Life is a process of becoming, a combination of states we have to go through. Where people fail is that they wish to elect a state and remain in it. This is a kind of death. ~Anais Nin
What if resistance to change was really resistance to life?
By seeking to preserve a single state – a successful state — whether we’re talking about our lives as individuals or whether we’re talking about the life cycle of a business, we’re really seeking a kind of death.
Life is about motion, action, expansion, contraction. Life is risky. Death is a sure thing.
The way we communicate on the web requires us to live more every day as a means of getting things done; we engage, listen, adapt, restate, amend, send, receive, grow, change.
The old way – the way of lists and mechanized, repeatable distribution processes with text that spoke to no one was a lot like death.
Yet, rather than embracing the new life within new methods of communication, so many simply seek new ways to die.
They seek new formulas, proclaim new dogmas, force new processes and measurements that miss the point. They count their number of followers on Twitter and manipulate the definition of PR “hits” so they can keep counting those, too.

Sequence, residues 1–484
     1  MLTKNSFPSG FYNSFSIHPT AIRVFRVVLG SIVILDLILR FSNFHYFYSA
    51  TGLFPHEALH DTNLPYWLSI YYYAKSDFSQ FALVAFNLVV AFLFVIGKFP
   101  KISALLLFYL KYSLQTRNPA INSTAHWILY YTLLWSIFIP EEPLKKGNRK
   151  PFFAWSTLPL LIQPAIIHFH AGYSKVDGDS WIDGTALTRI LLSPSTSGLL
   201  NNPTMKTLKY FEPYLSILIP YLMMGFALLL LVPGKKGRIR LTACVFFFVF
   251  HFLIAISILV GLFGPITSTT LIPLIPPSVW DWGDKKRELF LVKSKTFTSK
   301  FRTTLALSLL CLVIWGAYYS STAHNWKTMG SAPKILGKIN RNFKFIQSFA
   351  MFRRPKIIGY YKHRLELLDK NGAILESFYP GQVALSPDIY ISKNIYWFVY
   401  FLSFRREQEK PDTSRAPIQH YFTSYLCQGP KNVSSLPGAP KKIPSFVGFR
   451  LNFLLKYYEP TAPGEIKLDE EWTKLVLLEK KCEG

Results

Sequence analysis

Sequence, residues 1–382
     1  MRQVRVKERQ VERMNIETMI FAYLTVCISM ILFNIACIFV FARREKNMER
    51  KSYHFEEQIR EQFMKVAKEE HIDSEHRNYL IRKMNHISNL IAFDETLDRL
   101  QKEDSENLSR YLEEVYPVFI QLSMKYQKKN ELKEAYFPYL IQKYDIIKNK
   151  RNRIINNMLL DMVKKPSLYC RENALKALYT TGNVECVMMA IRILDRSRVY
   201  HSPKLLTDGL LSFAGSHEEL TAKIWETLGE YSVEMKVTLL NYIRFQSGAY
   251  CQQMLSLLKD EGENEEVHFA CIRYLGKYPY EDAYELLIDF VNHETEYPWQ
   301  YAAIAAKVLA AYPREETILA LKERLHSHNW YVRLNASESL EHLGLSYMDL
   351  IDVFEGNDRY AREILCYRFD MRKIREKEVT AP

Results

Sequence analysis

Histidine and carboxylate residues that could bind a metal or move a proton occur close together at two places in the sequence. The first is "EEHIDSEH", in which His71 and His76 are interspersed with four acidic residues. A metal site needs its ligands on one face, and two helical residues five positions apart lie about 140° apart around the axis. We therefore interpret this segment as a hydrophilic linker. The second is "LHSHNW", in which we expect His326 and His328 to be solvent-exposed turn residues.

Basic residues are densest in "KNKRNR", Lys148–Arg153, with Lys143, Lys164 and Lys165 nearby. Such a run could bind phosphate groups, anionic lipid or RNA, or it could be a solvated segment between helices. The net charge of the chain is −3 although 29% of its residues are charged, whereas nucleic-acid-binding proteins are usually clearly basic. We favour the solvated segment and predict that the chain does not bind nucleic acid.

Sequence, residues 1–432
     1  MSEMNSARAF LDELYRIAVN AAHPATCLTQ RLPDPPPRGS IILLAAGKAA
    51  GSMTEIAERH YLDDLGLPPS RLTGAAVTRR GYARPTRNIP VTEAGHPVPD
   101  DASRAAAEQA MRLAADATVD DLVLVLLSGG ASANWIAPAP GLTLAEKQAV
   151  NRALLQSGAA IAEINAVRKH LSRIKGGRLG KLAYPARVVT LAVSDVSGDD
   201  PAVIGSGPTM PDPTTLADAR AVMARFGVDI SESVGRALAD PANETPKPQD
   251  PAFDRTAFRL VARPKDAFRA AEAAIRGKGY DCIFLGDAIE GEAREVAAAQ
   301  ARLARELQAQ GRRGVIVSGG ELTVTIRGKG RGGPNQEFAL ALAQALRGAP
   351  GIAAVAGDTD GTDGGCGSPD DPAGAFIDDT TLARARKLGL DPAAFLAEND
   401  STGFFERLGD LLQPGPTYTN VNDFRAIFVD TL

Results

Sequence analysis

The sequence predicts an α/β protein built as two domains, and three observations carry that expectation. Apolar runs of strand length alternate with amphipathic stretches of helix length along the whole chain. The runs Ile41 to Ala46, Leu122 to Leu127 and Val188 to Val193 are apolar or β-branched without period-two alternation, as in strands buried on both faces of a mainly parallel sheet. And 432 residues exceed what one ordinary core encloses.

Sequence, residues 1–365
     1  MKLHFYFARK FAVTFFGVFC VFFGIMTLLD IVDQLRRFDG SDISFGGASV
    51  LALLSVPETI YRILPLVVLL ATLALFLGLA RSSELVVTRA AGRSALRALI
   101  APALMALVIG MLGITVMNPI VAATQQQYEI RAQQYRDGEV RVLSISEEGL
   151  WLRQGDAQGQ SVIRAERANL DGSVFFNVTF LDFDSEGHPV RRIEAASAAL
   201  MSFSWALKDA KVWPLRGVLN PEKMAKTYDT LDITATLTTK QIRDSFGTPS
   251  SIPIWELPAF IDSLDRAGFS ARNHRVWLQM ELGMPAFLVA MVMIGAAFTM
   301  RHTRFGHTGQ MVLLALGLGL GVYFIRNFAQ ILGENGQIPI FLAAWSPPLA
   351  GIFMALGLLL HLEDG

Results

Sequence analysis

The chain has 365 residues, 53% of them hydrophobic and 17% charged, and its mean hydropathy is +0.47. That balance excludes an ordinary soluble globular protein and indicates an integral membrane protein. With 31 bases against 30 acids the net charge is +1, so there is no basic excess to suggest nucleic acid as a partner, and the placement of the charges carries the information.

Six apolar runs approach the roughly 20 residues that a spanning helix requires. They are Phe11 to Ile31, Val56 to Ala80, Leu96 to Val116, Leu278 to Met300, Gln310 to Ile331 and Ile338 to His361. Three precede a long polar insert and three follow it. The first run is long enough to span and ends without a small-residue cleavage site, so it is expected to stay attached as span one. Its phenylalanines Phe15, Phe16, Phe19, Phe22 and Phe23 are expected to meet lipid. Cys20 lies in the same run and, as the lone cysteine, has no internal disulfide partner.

Why do we not feel liberated? Why do we resist the inherent life in our work?
I saw Brian Clark’s super smart presentation at SOBCon earlier this month and he told everyone there that being successful at this stuff isn’t about what’s right or wrong, but about what works.
The best thing he can do is to share what works for him.
The best thing we can do is listen — not so we can all go out and repeat the exact same steps — but so we can extract and integrate the stuff that will work for us and ultimately let it go when it doesn’t anymore.
Photo by law_keven